Planet Earth (TV series)

Planet Earth (TV series)

Infobox nature documentary
bgcolour =
show_name = Planet Earth

caption = Series title card
picture_format = 576i (SDTV) 1080i / 1080p (HDTV)
audio_format = Stereo (SDTV)
Dolby Digital 5.1 (HD DVD and Blu-ray Disc)
runtime = 50 minutes
creator = BBC
developer =
producer =
executive_producer = Alastair Fothergill
presented =
narrated = David Attenborough
Sigourney Weaver(US version)
music = George Fenton
country = United Kingdom
language = English
network =
first_run = BBC One, BBC HD
first_aired = 5 March 2006
last_aired = 10 December 2006
num_episodes = 11
website =
imdb_id = 0795176
tv_com_id =

"Planet Earth" is an Emmy Award and Peabody Award-winning BBC nature documentary series narrated by David Attenborough and produced by Alastair Fothergill. It was first broadcast in the UK from 5 March 2006. The American version is narrated by Sigourney Weaver.

The series was co-produced with Discovery Channel and the NHK in association with the CBC, and was described by its makers as "the definitive look at the diversity of our planet". It was also the first of its kind to be filmed entirely in high-definition. [cite web | url = | publisher BBC | title = BBC Press Office - Planet Earth | accessdate = 2007-03-13 | date = 2006-02-01] The series was nominated for the Pioneer Audience Award for Best Programme at the 2007 BAFTA TV awards. [ [ 2007 BAFTA Nominees for Pioneer Audience Award] ]

Broadcast details

Each programme has a running time of approximately 58 minutes. This includes "Planet Earth Diaries", a 10-minute featurette that details the filming of a particular event.

The show was heavily trailed on the BBC's television and radio channels both before and during its run. All eleven installments had a 9pm Sunday screening on BBC One and in most cases were followed by an early evening repeat the next Saturday on BBC Two. Besides being BBC One's featured "One to Watch" programme of the day, its ratings were consistently high, averaging between seven and nine million viewers for each Sunday transmission.

In the UK, the series was split into two parts. Episodes 1–5 were shown 5 March2 April 2006 with the remainder broadcast from 5 November 2006, following a further repeat run of part one on BBC Four. Part two premiered on Sundays at 9pm on both BBC One and BBC HD with a second repeat on BBC Four the following week. As a promotion for the autumn series, "Great Plains" received its first public showing at the Edinburgh International Television Festival on 26 August 2006. It was shown on a giant screen in Conference Square.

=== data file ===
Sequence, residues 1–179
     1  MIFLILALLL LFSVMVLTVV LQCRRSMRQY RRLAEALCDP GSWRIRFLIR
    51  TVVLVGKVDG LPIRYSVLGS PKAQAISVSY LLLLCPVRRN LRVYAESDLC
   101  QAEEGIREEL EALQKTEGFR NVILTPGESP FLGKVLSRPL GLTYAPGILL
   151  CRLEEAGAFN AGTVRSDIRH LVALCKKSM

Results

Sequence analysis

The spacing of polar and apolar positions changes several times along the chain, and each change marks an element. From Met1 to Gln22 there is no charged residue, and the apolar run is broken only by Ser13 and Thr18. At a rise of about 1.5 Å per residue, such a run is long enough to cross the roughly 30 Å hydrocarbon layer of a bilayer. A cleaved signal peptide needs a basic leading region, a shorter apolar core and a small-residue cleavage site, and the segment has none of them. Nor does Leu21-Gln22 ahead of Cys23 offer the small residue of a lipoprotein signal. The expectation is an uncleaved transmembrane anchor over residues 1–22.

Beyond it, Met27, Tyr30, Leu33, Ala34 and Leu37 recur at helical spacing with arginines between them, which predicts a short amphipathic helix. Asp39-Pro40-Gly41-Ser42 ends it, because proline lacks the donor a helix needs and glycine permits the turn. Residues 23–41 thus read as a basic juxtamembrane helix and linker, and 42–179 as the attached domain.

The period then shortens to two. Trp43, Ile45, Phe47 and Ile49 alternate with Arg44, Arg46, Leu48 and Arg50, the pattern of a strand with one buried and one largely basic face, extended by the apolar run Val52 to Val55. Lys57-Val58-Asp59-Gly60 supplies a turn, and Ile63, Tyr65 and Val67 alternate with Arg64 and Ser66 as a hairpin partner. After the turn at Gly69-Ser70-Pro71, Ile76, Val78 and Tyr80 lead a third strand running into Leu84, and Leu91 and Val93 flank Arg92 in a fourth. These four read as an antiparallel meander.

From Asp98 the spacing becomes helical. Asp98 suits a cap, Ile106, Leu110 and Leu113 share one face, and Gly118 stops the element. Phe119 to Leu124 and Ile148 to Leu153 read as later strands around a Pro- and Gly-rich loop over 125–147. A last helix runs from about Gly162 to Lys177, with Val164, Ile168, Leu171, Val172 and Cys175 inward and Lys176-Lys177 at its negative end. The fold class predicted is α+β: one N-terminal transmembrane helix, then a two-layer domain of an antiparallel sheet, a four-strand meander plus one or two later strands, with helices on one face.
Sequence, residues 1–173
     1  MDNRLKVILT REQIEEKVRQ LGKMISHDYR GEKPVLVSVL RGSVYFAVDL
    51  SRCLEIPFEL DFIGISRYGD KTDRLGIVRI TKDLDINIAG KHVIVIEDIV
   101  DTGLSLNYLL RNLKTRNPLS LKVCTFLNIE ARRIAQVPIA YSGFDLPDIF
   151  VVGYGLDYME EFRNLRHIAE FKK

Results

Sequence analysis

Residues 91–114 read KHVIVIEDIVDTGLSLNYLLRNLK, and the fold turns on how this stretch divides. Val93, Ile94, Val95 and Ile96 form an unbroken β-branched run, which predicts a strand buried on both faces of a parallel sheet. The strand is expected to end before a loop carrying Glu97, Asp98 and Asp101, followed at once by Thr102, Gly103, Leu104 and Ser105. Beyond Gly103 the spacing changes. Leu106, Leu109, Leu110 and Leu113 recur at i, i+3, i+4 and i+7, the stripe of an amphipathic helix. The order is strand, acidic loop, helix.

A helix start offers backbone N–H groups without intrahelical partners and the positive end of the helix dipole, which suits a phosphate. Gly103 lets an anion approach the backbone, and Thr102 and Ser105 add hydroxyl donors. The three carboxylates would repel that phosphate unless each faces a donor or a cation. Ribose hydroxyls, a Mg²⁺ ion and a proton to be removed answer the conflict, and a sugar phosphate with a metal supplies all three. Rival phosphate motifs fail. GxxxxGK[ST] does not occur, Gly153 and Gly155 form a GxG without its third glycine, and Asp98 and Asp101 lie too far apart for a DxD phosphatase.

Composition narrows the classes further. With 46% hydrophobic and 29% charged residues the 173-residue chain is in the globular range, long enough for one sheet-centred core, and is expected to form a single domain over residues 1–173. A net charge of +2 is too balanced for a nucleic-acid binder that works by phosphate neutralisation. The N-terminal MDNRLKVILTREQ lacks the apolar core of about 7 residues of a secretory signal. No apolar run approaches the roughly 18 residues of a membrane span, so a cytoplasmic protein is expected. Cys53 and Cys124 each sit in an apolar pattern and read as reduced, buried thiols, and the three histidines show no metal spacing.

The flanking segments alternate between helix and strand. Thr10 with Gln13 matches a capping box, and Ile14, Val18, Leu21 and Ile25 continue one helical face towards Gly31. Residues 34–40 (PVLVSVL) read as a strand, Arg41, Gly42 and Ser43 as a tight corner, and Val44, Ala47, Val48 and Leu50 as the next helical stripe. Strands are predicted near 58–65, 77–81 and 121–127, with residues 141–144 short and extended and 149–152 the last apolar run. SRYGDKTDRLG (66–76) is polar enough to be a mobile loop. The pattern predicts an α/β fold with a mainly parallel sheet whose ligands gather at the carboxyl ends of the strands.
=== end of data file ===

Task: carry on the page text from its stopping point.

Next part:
The music that was featured in the BBC trailers for the series is the track "Hoppípolla" from the album "Takk..." by Icelandic post-rock band Sigur Rós. Following the advertisements, interest was so widespread that the single was re-released. In Australia, however, it was replaced by "Jupiter", the fourth movement of Gustav Holst's orchestral suite "The Planets". The U.S. trailer featured different theme music: "The Time Has Come" from "Epic Score", composed by Gabriel Shadid and Tobias Marberger.

Along with its 2005 dramatisation of "Bleak House", the BBC selected "Planet Earth" for its trial of high-definition broadcasts. [cite web | url = | title = BBC steps up high-definition plan | publisher = BBC News | date = 2006-05-09 | accessdate = 2007-03-13] The opening episode was its first ever scheduled programme in the format, shown 27 May 2006 on BBC HD.

On 25 March 2007, the series began its run on American television on Discovery Channel, garnering massive ratings and critical acclaim. It was the most watched show on Discovery since "The Flight That Fought Back" on 11 September 2005. The show was broadcast on Sundays in one 3-hour block followed by four 2-hour blocks. It was also transmitted in high definition on the then Discovery HD Theater at the same time as its SD premiere; it then followed on The Science Channel and Animal Planet. However, it was heavily edited for time, commercials as well as content. Sigourney Weaver replaced David Attenborough as the narrator.


1. "From Pole to Pole"

: "Originally transmitted: 5 March 2006 (UK), 25 March 2007 (US)"